A distributed subliminal urban practical joke.

Get that $5 you were planning to spend on junk-food or a movie, take it to the bank, and ask for it in pennies.

Out on the street, pause to appreciate the heft of the coin-rolls: ten finger-like columns, two hands of pure metallic value. Take a seat somewhere, break a roll open, and look at a penny. Appreciate the reliefs of Lincoln (by V. D. Brenner) and his memorial (by Frank Gasparro). You're holding the smallest unit of the most widely used currency on earth: a single share of the Pax Americana. This 2.5 grams of copper-plated zinc is the seed of every number with "US$" before it, and its tens of millions of cousins have spread more evenly around the earth than any other human artifact. With it you can give someone a penny for their thoughts, put in half of your two cents, or shout "Nothing! Not one red cent!" with a prop. But it's almost exactly free.

Keep your pennies with you, and, next time you're in the urbs or the 'burbs, lose them on purpose. Put them everywhere. You can hold about a dollar's worth in one hand and pop them off with your thumb discreetly in the middle of crosswalks and on the hoods of parked cars. Put them where they'll be found by panhandlers, bankers, and children. Hide them under and behind things. Make mandalas and portraits on the sidewalk. Throw a handful across an empty park at night. Roll them down hills. Drop them, with a little show of care, in plain sight of passersby. Prop them up against shop windows. Balance them on road reflectors. Tape them to phone poles. Toss them into crowds.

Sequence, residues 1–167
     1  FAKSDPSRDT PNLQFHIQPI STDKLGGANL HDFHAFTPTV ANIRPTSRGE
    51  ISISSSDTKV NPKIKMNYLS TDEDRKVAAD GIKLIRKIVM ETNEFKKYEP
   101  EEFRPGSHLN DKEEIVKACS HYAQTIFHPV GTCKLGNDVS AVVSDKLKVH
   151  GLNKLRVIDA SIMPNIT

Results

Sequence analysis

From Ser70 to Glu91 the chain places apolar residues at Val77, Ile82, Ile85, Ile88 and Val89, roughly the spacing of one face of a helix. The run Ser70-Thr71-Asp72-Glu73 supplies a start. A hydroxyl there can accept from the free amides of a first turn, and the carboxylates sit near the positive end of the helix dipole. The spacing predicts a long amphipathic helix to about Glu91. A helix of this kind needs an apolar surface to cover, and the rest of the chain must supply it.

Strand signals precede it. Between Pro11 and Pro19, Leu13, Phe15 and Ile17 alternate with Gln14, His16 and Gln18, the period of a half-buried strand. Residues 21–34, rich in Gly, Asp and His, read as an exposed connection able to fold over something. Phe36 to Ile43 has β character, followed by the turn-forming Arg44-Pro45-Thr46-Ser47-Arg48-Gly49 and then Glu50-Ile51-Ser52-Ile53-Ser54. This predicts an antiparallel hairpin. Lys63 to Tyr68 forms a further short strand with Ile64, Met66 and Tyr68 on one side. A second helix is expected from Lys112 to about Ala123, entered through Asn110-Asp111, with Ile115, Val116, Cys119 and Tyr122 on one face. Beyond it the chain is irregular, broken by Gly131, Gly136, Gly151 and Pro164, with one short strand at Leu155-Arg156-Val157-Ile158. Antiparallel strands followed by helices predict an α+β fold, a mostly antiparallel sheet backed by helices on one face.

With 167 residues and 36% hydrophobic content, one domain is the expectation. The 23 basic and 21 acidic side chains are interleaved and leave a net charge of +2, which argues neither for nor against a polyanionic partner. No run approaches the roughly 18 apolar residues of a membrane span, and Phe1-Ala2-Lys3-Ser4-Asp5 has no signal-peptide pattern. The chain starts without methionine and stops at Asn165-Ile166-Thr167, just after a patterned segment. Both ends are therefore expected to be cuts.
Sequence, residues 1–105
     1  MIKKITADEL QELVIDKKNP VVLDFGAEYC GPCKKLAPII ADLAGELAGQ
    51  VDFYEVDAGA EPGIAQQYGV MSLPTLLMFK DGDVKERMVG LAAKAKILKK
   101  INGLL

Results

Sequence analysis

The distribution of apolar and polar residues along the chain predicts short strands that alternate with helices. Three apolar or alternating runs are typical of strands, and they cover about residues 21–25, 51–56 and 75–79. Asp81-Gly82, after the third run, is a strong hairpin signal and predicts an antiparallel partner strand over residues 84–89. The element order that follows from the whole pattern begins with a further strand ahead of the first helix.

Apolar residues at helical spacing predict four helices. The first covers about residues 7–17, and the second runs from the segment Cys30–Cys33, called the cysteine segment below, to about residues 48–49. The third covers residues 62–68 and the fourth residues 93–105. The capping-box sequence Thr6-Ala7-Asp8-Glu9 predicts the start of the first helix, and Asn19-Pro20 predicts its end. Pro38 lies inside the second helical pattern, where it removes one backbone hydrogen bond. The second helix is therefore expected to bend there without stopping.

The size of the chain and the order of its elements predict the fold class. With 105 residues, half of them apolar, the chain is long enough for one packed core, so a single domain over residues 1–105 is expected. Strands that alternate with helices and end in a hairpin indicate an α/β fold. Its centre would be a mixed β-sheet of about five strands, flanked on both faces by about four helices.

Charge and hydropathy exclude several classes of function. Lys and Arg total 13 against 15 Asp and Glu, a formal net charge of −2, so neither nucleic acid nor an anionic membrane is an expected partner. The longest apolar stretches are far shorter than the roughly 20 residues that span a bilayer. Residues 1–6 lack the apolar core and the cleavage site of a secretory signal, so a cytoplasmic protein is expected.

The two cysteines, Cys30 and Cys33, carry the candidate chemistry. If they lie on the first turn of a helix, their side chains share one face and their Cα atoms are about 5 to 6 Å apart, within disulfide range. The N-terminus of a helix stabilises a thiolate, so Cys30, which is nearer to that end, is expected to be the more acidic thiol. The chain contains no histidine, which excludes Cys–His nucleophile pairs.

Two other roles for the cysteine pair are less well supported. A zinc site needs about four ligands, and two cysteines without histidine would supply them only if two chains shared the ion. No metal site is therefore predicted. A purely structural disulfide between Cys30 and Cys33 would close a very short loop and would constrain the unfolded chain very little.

A few hiding-spots are especially gratifying. Try tucking one between the heads of double parking meters, where motorists will wonder if someone was trying to be generous by leaving them ten seconds of parking time. Who will expect a cent lying on a supermarket shelf? Public bathrooms have a certain something; people spend most of their time in them trying to forget that the space has been used by hundreds of strangers, so finding an anonymous present on the faucet could be quite stirring.

I figure a properly-placed penny is worth at least a dime. You, the Placer, get joy worth $0.01 from the thrill of deliberately losing money, $0.01 of self-congratulation for being charitible, $0.02 of fun in hiding it, $0.01 out of imagining how it might be found, and $0.02 worth of good memories every time you pass the spot where you hid it, minus $0.01 for the penny — a net gain of six cents. The Finder will get $0.01 of money plus perhaps $0.01 of joy out of having found a penny, $0.02 of wonder at finding it in such an interesting place, and $0.02 of social bonding if they tell a friend where they found it — again, a gain of six cents.

(These figures, of course, are averages, and don't take into account several nebulous factors. For instance, the penny might be found by an extremely busy person who doesn't take the time to ponder the provenance of free money — but, contrariwise, it might make the day of a small child — then again, it could well be scuffed into a storm-drain or buried by falling leaves, never to return to humanity. In the big picture, it may be that learning to wantonly toss money around will lead you to poor spending habits, but, conversely, free money might well lead the Finder to reflect on the nature of earning, spending, and wealth. For myself, the sheer fun of going out and doing something this stupid on purpose outweighs all doubt. It is, perhaps, the ill-advisedness of giving money away that makes it so healthy; there is excellent fun to be had by being this wasteful with a small group of friends.)

Once you're in the groove, you'll find many interesting variations. Many alternative types find satisfaction in most strangers' refusal to take a directly offered penny. Instead of a quarter, give buskers twenty-five pennies counted out with laborious precision. Get fifty wheat-back cents for a dollar from a coin shop, mix them with your pocket change, and see if anyone notices. Try hiding nickels, but be warned: we regard pennies as pure whimsy, but nickels are worth just enough to be taken seriously. The point, after all, is money without greed.